Becoming a People Photographer. In Cambodia.
Our lives are complex – each choice we make leads us towards certain choices and away from others. Throughout our lives we have layers of experiences and choices that guide us from one decision to the next. It would be difficult to look back and pinpoint all of the decisions that brought me where I am today. But one thing I know: Photography has had an affect on my decisions for the last few decades. Currently my time is spent in Siem Reap, Cambodia – a stranger in a strange land. Prior to my first trip to Southeast Asia I was more comfortable photographing trees and rivers than making images of people. The people of Cambodia turned that around for me.
It’s hard to say why I ended up here. I have been here for about two years. My first visit was four days in 2014. Usually I am tired and cranky when I do long international flights and everything is annoying when I get off the plane. I know all I have to do it go to bed and in the morning when I wake up all will be better. But landing in Cambodia was different. The flight was probably 22 hours or so, but when I got here I felt like I was ‘home’. The next morning I walked around on my own for a bit and for some unknown reason I approached a lady and her baby and asked if I could take their picture. That was so unlike me – I much preferred the trees and rivers. No objections from them. Ever.
For many people a visit to Cambodia means a few days in Siem Reap with visits to Angkor Wat and the surrounding temples. A few nights around Pub Street for some food and drink top off their sweltering, people-infested visits to the temples. They may fit in a cooking class, a visit to a floating village or a night at the circus but overall their visits are relatively short. And they never know what they are missing.
For anyone interested in people photography Cambodia is a great place to get your feet wet or hone your skills. The people here are unbelievably welcoming – even to people like me who tend to pop up unexpectedly. Whether they are sitting in front of their homes or tending their rice fields I show up on a motorcycle or a bicycle, camera in hand ready to make some images and they have no problem offering their smiles.
My travels take me down miles and miles of dirt roads and single-track paths in remote areas that only fit two-wheeled traffic, give or take a water buffalo or two. Many of the people I pass rarely, if ever, see a westerner riding these paths. People smile, wave and shout hello all the time.
Bewildered looks quickly change to smiles as I make my way into the rice fields – mud squishing between my toes. The closer I get for some wide-angle shots the wider the smiles become. After putting the camera down I quickly learn what backbreaking work rice farming can be. I have planted, harvested and cut rice with the supervision of local experts who seem to enjoy watching me work more than they like having images made of them.
I spend a lot of time in the dry season searching for remote Angkorian era temples. I have been to over two hundred and thirty temple sites so far. Some may consist of little more than one ancient stone left over from hundreds of years of collapse, ruin and looting.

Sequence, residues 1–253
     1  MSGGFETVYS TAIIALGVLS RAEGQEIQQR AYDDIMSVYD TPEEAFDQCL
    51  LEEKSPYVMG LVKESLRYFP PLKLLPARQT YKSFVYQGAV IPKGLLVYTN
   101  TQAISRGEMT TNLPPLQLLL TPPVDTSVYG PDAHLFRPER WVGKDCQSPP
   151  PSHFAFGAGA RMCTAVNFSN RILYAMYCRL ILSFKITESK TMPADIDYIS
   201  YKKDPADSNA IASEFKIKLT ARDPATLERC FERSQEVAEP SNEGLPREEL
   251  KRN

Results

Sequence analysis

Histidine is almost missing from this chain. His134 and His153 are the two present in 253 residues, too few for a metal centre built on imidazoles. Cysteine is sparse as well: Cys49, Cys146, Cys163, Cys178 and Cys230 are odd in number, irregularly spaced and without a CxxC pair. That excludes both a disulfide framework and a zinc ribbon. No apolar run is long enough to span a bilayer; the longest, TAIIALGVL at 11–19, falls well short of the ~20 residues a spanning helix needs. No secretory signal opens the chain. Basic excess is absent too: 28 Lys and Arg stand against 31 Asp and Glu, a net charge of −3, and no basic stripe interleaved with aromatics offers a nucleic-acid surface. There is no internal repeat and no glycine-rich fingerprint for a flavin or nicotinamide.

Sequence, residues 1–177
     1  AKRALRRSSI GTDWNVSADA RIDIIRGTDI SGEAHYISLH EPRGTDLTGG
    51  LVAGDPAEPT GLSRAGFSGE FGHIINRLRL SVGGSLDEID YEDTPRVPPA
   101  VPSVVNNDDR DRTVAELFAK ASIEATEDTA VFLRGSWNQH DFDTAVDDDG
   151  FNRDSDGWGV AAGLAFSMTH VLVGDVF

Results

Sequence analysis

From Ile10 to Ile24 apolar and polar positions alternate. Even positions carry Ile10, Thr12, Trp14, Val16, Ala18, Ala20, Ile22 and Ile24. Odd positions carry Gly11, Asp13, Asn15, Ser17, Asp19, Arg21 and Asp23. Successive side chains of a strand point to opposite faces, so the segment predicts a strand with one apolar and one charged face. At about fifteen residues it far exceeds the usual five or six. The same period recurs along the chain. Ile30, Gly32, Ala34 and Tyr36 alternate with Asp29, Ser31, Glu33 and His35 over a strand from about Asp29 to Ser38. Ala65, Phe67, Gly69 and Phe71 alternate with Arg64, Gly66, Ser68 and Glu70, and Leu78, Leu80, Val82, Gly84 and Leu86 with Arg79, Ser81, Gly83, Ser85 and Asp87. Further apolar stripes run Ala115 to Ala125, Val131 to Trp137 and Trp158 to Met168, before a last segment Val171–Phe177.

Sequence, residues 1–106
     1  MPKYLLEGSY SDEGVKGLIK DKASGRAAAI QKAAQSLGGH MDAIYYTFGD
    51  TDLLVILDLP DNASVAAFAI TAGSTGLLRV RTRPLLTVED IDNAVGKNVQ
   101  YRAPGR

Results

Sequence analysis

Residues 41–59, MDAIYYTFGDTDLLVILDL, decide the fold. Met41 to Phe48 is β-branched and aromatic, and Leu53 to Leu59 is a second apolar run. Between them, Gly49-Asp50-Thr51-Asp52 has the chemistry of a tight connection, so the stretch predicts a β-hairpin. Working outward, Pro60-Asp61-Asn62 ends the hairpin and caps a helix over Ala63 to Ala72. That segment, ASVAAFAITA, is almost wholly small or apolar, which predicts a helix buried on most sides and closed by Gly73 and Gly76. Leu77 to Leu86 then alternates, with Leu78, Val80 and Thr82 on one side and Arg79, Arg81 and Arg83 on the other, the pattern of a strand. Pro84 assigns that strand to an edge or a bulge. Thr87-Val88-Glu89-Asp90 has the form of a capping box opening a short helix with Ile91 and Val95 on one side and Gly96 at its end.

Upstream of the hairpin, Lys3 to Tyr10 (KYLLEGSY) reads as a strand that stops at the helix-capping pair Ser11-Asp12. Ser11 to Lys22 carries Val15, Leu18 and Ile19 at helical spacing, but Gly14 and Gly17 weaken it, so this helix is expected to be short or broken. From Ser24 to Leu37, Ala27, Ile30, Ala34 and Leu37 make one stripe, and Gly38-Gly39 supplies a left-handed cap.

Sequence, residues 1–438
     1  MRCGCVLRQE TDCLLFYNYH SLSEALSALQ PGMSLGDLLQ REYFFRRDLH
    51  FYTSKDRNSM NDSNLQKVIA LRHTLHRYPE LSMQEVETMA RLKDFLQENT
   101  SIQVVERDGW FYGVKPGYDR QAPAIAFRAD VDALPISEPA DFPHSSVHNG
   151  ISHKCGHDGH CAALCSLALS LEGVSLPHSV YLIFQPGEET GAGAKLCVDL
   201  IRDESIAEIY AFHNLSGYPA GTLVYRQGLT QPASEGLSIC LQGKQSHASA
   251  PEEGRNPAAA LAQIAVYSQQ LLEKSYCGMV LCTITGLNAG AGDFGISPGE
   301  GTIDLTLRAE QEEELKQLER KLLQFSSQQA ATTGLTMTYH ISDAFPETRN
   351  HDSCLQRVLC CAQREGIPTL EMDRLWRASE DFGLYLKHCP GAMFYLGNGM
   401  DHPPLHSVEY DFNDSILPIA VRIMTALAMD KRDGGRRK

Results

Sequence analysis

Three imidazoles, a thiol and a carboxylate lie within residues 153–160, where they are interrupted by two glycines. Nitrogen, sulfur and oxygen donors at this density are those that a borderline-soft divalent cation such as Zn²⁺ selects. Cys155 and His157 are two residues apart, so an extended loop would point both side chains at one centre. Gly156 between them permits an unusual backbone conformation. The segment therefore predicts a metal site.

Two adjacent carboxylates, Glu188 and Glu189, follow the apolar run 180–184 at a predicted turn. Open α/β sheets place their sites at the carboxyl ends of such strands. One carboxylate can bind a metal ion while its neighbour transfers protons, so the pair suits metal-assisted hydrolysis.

One time I stopped at a home where a family was celebrating Chinese New Year. It was their shouts of ‘hello’ as I passed along the dirt road that made me stop. I found one of the people there spoke more English than I spoke Khmer.
He asked me what I was doing out in the countryside. After telling him I was searching for old temples he left his family to take me around his boyhood haunts to show me the remnants of a seven hundred year old wall that surrounded a temple that disappeared centuries ago. We spent an hour and a half walking through open fields, thorny brush and thigh-deep water exploring that wall.
I often find myself exploring a single-track dirt path on my motorcycle. I don’t know if I am more surprised coming across a remote home or if the family is more surprised seeing a foreigner out in the middle of nowhere. A simple smile and ‘Soksabai’ (how are you?) is all it takes to get a smile from them. Once I pull out the camera everyone seems to want their picture taken. They love seeing themselves on the LCD screen on the back – and if you show them some video of themselves the kids screech with joy. The people here are great – even with so much poverty they still smile. Some work 12 hours a day seven days a week for $75 a month and they still smile. How can that be? It makes me look at things in a different light. It is refreshing for an American to see things like this.
Spending so much time in Cambodia has given me the opportunity to immerse myself in a culture / lifestyle that is very different from the one I am familiar with. I had to leave my comfort zone thousands of miles away in America – something that seemed easier than it should have been. I can’t help but think how different the world would be if everyone had the opportunity to do the same.
With all of the smiles that surround me daily it is impossible not to smile myself. Are you in the mood for smiles everywhere you turn? Come on over and give it a try.
Does traveling to foreign countries, meeting new people, and having life-affirming adventures with your camera sound like something you could get into? After six weeks of learning photography in our Summer Intensive program, you will be prepared to photograph with confidence and intention … anywhere in the world!